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Science and the Environment

“Voracious, Top-Level Predator” Found In Springfield Home Gardens

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MU Extension
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Two Springfield gardeners have reported finding an unusual worm in their yards.  The hammerhead worm appears to be new to the area, according to MU Extension horticulturalist, Kelly McGowan.  The largest specimen reported to McGowan was a foot long.  And, as their name implies, their heads are shaped like hammers.

McGowan says the concerning thing about hammerhead worms being found here is that not a lot is known about them yet.  She refers to the worm as "a voracious, top-level predator."

“We do know that they feed on earthworms and other organisms that live in the soil, but we don’t know what their presence is going to do to kind of the soil biome.  You know, if they eat a lot of our native soil organisms, is that going to have an effect on soil health?  Do they have excretions that are harmful to soil health?—things like that,” she said.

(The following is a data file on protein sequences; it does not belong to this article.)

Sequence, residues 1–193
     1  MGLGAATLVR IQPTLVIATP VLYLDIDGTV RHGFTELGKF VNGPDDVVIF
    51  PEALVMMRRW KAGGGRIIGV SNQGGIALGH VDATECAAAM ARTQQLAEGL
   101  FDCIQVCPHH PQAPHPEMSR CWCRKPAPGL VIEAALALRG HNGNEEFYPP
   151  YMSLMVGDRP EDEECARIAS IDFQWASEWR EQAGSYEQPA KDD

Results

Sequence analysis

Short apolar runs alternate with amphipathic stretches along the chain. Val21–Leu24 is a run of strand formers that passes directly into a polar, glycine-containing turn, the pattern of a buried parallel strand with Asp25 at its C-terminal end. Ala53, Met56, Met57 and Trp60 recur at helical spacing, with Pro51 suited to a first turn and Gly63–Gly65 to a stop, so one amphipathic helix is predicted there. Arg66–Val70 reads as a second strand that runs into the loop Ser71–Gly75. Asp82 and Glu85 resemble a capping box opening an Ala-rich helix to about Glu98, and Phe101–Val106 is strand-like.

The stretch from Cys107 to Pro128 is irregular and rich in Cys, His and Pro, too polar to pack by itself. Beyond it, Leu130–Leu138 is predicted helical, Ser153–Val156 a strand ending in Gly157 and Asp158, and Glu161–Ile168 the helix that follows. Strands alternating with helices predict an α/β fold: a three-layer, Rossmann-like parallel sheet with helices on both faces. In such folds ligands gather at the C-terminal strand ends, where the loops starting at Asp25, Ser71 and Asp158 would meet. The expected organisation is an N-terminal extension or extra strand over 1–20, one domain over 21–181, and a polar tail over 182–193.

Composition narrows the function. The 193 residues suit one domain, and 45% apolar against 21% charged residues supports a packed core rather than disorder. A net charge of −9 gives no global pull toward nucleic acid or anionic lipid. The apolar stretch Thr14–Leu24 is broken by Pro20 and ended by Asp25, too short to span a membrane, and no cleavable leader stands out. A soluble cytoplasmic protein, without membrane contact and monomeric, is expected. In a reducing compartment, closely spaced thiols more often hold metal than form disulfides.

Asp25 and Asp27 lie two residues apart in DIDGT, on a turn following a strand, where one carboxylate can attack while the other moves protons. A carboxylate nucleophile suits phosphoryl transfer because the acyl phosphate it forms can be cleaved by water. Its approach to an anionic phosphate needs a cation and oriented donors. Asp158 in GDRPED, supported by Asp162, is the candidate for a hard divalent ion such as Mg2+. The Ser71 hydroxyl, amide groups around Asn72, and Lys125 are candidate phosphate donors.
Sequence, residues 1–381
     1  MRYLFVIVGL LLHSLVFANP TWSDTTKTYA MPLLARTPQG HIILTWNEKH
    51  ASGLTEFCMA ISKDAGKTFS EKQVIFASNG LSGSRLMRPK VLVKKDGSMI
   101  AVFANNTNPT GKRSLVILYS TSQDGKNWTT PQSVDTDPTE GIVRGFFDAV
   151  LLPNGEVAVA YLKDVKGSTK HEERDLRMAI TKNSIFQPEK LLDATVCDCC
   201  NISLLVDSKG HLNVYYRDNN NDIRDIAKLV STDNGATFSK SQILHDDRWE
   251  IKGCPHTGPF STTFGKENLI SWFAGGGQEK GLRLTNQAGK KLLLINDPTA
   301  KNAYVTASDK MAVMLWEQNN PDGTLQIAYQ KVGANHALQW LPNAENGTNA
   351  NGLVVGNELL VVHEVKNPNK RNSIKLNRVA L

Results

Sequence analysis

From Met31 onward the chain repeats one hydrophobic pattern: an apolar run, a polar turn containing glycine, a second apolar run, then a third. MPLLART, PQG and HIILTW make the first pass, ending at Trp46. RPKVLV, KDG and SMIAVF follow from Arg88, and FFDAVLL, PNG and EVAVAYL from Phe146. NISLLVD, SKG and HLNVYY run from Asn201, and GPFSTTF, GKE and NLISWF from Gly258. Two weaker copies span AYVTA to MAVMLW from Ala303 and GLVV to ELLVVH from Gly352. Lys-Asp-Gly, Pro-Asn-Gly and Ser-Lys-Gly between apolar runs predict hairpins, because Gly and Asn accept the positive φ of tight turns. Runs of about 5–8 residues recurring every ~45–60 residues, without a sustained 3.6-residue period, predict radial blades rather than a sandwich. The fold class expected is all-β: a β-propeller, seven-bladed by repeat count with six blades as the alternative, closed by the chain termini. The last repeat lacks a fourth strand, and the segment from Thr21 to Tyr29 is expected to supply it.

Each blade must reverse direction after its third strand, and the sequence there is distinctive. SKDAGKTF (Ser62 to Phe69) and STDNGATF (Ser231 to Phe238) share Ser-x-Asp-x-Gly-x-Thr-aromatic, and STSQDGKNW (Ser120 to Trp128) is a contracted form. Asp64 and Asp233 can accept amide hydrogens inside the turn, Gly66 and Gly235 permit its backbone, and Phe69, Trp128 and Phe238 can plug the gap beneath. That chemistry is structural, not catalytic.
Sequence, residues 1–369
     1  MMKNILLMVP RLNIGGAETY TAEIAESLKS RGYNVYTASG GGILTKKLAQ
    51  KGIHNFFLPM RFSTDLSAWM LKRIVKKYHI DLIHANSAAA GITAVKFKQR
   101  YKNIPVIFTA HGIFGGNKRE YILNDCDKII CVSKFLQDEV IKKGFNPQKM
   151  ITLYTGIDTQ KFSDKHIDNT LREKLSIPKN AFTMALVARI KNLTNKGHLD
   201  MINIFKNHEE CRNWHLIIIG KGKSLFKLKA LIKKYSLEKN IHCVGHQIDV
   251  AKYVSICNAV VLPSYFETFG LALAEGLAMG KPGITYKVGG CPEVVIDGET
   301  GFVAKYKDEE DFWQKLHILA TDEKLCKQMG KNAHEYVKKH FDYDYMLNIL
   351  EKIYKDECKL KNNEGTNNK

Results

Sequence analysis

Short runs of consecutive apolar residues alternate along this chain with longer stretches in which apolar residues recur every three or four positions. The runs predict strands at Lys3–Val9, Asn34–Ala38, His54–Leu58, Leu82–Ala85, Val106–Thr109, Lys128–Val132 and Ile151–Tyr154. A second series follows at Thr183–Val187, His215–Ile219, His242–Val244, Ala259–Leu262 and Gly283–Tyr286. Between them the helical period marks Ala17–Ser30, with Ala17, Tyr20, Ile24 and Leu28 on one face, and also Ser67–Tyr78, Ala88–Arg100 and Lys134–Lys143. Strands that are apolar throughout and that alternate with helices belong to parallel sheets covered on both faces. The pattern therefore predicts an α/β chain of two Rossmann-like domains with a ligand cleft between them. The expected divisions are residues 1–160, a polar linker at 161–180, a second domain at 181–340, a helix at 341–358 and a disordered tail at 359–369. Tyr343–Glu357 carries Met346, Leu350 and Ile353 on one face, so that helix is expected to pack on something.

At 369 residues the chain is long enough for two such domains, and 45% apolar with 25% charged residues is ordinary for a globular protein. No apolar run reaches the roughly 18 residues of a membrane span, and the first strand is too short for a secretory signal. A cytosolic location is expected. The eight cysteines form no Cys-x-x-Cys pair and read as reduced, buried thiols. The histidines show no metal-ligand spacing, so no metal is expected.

They belong to a family of flatworms called land planariums.

The first specimen was reported by a Springfield homeowner last year who found the worm in a garden in her front yard.  This year she found them in a backyard garden, which leads McGowan to believe they’re spreading.  Another Springfield homeowner reported finding one this year.

Hammerhead worms produce a slimy trail that they leave behind as they move.  They belong to a family of flat worms called land planariums.  And they reproduce both sexually and asexually.

"You know, they can grow, and this is pretty creepy, but they can grow a new tail or a new head depending on what part breaks off," she said.

The hammerhead worm is believed to have been brought to the U.S. in the soil of potted plants.  McGowan suggests dumping a purchased plant into a wheelbarrow before planting it to look for the presence of hammerhead worms in the soil.  If you find any, she wants you to contact her at (417) 881-8909.